After a while, the big velvet curtain parted and rose and on stage there was the scenery of some remote European town. The boy looked at the program the lady had handed him but the name on the front was long and foreign. Then men and women came on stage, all dressed up like they belonged in that strange village, and they began to sing. They sang like the boy had never heard before in a language he did not understand. But the music itself touched a chord in him and he was immediately drawn in.

The boy tried to follow the story the music was telling and, to some degree he succeeded, he knew that a lady had died when a tenor walked out on stage all by himself and began to sign. Again the words made no sense, the boy did not speak the language, but the clarity of that voice, the melody was so sweet and pure it gripped his heart. Before he knew it, tears were running down his face, not because he was sad (although it was a sad song), but because he had never heard anything so beautiful.

Not to long after the tenor’s solo the opera ended. It ended joyfully with throngs of signers filling the hall with sound. But the boy was still hearing the sweet melody of the tenor. That song filled him up and he could not, did not want to, let it go. If only he could sing like that.

The next day was rather uneventful. His father had meetings all day and the boy was instructed not to leave the hotel. So, he went down to the lobby and hung around the gift shop which did not make the clerk there any too happy. But the boy did not notice. He was still in something of a rapture of music, the music that tenor had sung the night before. He had tried to explain it to his dad (who by the way was tone deaf – The boy did not like to sit next to him a church because when he sang, people around them tended to stare.) but his father just smiled and said something about the first time he had ridden on a ferry boat he wanted to be a sea captain.

This was more than just a simple trip to the opera for the boy though. It turned into a life altering experience. When he returned to his home he single-mindedly looked for a way to train his voice and to learn the music he had heard. At first his parents thought, oh, this is nice, he likes to sing. But after a couple months when his zeal did not abate his mother began to take him seriously. She enrolled him with the choirmaster at the church, then with a boy’s choir in a city near-by.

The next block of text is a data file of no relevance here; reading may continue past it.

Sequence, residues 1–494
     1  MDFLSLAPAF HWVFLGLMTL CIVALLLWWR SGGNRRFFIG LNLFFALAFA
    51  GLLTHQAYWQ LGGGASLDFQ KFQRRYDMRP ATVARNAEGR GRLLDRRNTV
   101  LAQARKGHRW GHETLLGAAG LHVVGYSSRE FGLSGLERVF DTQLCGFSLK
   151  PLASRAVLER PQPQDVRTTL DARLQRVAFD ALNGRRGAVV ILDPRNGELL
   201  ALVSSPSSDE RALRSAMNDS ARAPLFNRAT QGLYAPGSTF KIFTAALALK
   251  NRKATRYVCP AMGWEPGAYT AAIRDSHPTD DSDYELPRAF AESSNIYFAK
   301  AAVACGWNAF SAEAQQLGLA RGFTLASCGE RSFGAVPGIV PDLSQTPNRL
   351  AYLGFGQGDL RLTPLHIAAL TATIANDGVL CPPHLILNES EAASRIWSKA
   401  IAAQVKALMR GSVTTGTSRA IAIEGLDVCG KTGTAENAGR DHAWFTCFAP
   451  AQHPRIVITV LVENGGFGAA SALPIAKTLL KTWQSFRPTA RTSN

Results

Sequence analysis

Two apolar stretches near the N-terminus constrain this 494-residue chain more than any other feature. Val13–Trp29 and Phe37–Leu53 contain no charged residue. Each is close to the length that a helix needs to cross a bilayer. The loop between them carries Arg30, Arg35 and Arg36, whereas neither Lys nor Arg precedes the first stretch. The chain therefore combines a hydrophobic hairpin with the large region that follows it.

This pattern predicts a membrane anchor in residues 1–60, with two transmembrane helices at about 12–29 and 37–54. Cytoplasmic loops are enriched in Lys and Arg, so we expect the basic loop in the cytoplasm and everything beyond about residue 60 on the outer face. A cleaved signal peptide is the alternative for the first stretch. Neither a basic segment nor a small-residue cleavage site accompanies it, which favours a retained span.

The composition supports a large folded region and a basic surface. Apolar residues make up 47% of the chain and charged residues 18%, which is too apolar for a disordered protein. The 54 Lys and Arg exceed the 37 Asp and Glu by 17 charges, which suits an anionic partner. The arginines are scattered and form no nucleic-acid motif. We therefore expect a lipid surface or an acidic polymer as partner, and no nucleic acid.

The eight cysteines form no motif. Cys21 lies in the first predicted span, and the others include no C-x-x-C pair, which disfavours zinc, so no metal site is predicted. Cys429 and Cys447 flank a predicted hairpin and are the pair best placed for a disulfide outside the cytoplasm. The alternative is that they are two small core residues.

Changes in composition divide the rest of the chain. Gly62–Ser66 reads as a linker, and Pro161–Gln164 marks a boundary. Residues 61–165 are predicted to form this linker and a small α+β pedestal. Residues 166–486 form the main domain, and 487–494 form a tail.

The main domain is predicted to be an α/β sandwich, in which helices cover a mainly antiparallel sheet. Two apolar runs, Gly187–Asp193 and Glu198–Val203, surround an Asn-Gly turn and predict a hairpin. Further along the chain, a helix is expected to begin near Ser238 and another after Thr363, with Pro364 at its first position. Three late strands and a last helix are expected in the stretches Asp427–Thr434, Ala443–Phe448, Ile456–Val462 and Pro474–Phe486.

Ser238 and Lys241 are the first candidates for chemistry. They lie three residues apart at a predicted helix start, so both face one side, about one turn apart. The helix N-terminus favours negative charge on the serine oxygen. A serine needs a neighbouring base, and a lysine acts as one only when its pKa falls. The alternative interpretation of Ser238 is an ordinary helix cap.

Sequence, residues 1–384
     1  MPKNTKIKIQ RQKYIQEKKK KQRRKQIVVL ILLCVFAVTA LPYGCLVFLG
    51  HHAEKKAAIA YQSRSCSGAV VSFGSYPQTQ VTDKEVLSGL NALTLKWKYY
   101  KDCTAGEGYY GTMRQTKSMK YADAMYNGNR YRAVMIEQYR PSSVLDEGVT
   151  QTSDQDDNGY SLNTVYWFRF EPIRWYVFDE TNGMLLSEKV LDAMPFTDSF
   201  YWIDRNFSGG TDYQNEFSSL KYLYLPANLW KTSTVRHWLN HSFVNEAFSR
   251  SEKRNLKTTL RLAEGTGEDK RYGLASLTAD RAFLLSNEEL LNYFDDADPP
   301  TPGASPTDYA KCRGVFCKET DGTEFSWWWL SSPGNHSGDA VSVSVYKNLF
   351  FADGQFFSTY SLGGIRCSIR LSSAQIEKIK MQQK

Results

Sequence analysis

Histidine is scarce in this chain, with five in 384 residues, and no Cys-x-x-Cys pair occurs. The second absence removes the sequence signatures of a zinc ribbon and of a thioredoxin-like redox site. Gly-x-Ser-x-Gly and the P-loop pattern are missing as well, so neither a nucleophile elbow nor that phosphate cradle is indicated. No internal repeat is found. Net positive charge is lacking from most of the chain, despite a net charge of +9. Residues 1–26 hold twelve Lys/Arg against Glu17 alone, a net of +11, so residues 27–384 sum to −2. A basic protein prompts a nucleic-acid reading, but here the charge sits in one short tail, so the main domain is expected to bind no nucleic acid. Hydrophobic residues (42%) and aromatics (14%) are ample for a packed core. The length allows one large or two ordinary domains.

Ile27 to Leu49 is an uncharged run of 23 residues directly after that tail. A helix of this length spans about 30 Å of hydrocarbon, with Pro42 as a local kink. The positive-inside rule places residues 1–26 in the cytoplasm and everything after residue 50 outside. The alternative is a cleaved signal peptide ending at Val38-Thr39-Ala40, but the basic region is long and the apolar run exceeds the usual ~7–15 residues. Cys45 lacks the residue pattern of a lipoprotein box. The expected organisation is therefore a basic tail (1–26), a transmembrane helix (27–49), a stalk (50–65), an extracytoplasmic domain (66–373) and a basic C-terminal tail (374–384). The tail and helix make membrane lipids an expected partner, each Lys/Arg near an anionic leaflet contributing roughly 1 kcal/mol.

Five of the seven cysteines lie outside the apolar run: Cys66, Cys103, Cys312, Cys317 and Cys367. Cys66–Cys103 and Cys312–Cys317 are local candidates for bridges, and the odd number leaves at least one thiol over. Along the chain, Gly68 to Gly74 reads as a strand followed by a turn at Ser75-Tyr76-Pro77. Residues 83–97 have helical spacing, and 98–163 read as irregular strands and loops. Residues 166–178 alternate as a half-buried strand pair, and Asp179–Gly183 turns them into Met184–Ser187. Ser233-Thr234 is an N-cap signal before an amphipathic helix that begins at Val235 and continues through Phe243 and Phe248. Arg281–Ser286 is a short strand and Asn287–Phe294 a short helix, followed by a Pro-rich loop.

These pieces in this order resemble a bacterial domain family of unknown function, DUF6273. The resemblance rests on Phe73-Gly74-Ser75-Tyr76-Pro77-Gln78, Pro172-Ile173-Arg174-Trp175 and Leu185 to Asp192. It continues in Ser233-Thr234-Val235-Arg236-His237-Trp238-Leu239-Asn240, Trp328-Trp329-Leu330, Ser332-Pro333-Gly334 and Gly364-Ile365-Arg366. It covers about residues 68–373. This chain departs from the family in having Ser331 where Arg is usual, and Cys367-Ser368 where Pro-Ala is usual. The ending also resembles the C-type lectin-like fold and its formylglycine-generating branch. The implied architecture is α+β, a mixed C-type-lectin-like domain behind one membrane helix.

They boy’s voice was a nice voice, a pleasant voice. But as hard as he worked, it would never be a great voice. Still he yearned to make that glorious sound that made his soul weep in the opera house. He completed his schooling; his passion for music won him a scholarship at a university known for its music. He knew by this time that he would never be a great tenor so he did what he thought was the next best thing, he began teaching others, always looking for that one voice that could take him back to the opera house on that business trip so many years before.

His search trained many great voices and he was, at the end of his career, hailed as one of the greatest voice coaches the opera had ever known. He never did find that sound again. Perhaps it was that tenor’s only great performance. Perhaps it was some combination of acoustics or the moment, but it was never to be repeated in his hearing. Of course, the point of his life was the search, not the finding.

I tell this story today as I reflect upon the Lord repeating the miracle of Elisha the prophet (I have to tell you, I don’t remember ever having heard that Elisha story before. I must have but I don’t remember it.) Something extraordinary happened that day on the hillside. Something that demonstrated the identity of the person called Jesus of Nazareth as the Son of God. People there must surely have known what took place, yet, like me forgetting about Elisha feeding a hundred people, almost all of those he fed must have forgotten about it or not realized what had happened. We know this because, when the Lord went before Pilot, many of these same people must have been standing in the crowd that yelled “Crucify him!”

Is not this story compelling enough to make us want to tell every one we meet? Perhaps it’s because it happened so long ago and we were not there; but what about today? Today we participate in another miracle, the one He gave us, the one prefigured by the feeding of the five thousand. If we truly believe that Jesus gave us the Eucharist, His own body and blood, that is brought to the alter as simple bread and wine and there transubstantiated, is that not enough to pursue and talk about for the rest of our lives?